After his sentencing, Carter inquired about his personal cellular phone, which police had confiscated on his arrest.

Cato said: “I can say to you that that phone is being used as it relates to another investigation. That’s what I will say to you.”

Carter said that the police had caught me with two phones.

“One was for the boy who run,” he said.

“You said calls came to you. You said you got a call and you left Calliaqua and came into Kingstown to do the job. You understand it now?” the chief magistrate said.

Carter said yes.

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6 replies on “Man jailed for trying to send phone, batteries to murder accused ‘Jacket’ in prison”

  1. As a Vincentian reading this article, it is laughable so I can’t imagine what it’s like for others who are not Vincentians. As a country we are better than this. We have great minds at home and abroad including myself.
    We are not living in the Stone age or dark ages.
    Where is the government of SVG as well as all the legal minds including the same prosecutors and judges that are trying these cases? We are talking about prisoners and a problem that seems to be ongoing.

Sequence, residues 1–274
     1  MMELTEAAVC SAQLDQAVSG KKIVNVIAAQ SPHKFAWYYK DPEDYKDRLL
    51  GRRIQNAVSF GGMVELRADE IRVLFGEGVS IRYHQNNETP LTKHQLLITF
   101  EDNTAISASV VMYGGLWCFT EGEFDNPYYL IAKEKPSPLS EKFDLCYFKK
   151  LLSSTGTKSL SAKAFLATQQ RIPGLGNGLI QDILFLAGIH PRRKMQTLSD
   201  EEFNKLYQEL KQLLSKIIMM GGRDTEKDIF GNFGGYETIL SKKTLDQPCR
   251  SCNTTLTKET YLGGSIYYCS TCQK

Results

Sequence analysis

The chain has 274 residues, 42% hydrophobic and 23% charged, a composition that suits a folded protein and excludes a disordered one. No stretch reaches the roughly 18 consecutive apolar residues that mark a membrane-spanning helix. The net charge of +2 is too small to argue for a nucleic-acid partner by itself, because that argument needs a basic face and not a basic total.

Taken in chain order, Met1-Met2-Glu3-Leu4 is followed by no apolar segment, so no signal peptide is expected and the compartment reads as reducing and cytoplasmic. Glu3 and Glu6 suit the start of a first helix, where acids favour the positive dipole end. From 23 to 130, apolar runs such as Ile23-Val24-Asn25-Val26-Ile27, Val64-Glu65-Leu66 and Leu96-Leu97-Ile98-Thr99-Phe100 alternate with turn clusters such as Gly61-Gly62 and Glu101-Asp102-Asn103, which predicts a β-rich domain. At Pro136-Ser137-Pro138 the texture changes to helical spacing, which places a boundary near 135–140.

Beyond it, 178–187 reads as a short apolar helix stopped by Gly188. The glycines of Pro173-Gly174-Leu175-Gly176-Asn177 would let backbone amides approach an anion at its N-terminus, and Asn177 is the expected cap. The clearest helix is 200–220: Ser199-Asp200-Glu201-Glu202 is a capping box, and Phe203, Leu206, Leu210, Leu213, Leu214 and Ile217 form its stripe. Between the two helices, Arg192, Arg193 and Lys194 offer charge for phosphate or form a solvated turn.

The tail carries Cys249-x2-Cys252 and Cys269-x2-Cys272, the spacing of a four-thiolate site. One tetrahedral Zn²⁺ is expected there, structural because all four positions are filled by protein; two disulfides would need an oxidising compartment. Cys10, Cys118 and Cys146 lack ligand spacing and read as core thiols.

This should be an easy fix such as installing barricades, cameras, lightings ,security of the area to name a few.
    Come on government of SVG!Stop the madness and making all of us look bad and laughable with craziness as this.

  2. They need to installed security cameras in that area where persons throwing over illegal stuff for prisoners

  3. SVG can get cameras from Taiwan instead of cars. Taiwan can also give the police EBikes so they don’t have to use gas and can move around the country more easily and freely.
    That guy was also doltish. He didn’t have to give the police that information. They didn’t see him throwing the stuff over the wall, so he couldn’t be charged for having the stuff in his procession. There was crime committed, unlike the shooting of the man in his yard[…]
    Where is the justice? Why do I see incidents in SG are so similar to what’s happening in Russia.